Many mask makers like to use white hydrocal for the majority WH is the primary choice for mass production. The main of their molds and advantage is that overall mold and mask production is significantly faster than UC30. Once WH is mixed with water, molds will set within 10-15 minutes on average depending on how thick it is mixed as opposed to 25 to 35 minutes or more for Ultra Cal 30 molds. The big downside with WH is that it has to be used in mass. In other words you mix up what you need in one shot and build it up over your sculpture until it completely sets. You cannot build up the mold in multiple layers and batches of gypsum like you can with UC30. WH molds made like this end up with stress fractures throughout the mold. These will show up as significant defects right from the get go when you go to cast your masks.
The second major drawback in molding with WH is that is has a very short service life. This is especially true if your mold has lots of detail. Each time you pull a latex piece from your mold a small amount of surface detail is removed with the mask and tiny air holes will begin to open up. When defects occur on the mold those are also defects that will show up on your mask. With each cast the defects gets progressively worse.
The same erosion effect happens with UC30 but it happens at a much slower rate. Given these problems you may be wondering why anyone would choose WH for a mask mold. There are two main reasons: First, if only a few casts of the mask are required. And secondly, as silly as it sounds some mask designs actually lend themselves to an eroding mold. So what kinds of designs are perfect for WH? How about Zombies, Corpses and anything where defects will not detract from the mask. They might in fact help! In fact, most large mask companies will use WH and will simply make a large number of molds and use them for production until the quality of castings is no longer acceptable. When the mold reaches that point, the manufacturer will use a stored, thick latex copy of the mask (known as a production model), to make as many new molds as they need. Half masks are especially suited for WH since they only require a one piece mold and they can be easy replaced.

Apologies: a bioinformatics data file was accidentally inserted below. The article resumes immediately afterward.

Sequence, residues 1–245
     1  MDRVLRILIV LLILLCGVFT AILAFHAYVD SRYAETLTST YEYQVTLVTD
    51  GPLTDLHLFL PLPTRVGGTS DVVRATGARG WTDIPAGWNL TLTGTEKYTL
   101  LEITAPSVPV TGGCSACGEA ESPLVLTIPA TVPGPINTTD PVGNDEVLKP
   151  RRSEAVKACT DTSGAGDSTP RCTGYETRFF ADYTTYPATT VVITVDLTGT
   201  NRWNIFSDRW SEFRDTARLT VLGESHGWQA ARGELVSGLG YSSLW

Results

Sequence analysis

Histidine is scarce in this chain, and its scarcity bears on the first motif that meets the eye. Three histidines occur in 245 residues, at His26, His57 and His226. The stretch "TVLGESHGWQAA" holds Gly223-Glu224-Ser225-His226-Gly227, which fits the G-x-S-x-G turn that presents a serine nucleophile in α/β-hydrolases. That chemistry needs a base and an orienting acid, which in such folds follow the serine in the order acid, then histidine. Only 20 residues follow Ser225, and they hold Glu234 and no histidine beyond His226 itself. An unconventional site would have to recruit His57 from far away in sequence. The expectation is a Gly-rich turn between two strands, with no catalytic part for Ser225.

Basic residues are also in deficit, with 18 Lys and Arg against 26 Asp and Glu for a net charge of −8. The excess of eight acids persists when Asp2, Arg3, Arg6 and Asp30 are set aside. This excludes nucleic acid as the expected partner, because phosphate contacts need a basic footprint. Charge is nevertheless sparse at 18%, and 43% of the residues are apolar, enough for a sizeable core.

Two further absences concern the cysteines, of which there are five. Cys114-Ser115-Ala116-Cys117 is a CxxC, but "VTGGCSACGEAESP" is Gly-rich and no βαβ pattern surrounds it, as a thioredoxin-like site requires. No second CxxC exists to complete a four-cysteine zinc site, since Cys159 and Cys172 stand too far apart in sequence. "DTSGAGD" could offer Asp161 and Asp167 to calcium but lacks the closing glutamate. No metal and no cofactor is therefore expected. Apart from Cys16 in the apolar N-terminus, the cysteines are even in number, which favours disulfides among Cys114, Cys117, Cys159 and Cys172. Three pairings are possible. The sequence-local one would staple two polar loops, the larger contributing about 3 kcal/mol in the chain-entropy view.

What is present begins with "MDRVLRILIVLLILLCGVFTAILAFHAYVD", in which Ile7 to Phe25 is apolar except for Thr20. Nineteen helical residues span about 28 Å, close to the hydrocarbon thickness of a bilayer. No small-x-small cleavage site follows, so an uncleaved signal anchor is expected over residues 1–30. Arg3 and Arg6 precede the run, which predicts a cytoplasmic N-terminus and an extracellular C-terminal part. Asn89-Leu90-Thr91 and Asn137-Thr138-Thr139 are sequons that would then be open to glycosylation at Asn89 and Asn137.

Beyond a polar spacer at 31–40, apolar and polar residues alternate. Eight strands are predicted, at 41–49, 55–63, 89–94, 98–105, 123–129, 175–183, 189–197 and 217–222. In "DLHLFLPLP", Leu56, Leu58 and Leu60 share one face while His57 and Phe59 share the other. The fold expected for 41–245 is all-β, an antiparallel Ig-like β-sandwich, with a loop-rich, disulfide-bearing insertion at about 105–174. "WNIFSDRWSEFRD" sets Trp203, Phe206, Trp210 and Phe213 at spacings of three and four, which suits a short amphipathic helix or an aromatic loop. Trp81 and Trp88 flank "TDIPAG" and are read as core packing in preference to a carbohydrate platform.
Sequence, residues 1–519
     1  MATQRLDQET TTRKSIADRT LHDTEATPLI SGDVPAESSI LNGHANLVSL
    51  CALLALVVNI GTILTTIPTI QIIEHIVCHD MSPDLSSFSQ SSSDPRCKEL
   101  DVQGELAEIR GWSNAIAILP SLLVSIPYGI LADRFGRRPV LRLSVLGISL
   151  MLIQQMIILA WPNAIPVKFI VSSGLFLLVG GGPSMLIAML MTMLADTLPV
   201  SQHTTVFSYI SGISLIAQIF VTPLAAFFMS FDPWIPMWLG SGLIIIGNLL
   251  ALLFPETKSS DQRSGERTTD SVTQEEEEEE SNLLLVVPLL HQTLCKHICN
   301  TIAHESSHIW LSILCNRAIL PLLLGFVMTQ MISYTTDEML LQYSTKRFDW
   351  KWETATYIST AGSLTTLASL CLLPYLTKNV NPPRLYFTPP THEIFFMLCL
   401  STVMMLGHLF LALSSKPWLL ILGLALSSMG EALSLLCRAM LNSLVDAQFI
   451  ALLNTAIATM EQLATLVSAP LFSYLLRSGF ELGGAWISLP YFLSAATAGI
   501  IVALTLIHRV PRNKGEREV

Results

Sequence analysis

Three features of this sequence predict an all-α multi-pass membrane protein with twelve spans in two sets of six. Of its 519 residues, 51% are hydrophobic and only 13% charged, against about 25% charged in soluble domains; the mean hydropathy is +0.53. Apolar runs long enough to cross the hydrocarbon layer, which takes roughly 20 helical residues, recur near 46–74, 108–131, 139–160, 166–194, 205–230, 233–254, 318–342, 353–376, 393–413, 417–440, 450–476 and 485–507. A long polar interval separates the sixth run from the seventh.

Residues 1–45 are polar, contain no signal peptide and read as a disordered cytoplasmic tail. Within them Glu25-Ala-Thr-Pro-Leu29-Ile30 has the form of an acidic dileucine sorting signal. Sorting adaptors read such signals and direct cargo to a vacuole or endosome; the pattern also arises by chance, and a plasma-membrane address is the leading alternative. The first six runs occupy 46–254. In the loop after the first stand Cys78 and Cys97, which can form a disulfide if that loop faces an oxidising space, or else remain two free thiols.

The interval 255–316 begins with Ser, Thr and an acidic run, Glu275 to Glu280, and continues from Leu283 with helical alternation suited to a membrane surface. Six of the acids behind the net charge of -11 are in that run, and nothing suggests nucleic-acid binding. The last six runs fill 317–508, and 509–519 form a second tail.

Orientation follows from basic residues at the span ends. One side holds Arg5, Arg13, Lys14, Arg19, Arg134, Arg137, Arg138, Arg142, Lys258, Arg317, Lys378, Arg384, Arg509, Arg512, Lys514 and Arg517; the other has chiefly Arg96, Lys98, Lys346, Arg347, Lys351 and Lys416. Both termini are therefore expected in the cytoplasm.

To sum up, if you only need to make a few copies of your mask or if your design lends itself to mold erosion, than White Hydrocal is a good choice. If however, you have a highly detailed mask that you plan on making a couple dozen copies or more than the clear choice is Ultra Cal 30. The extra time and effort you put into the mold will be worth it in the long run.
That is it for this installment of the mask making material guide. Here is the third installment.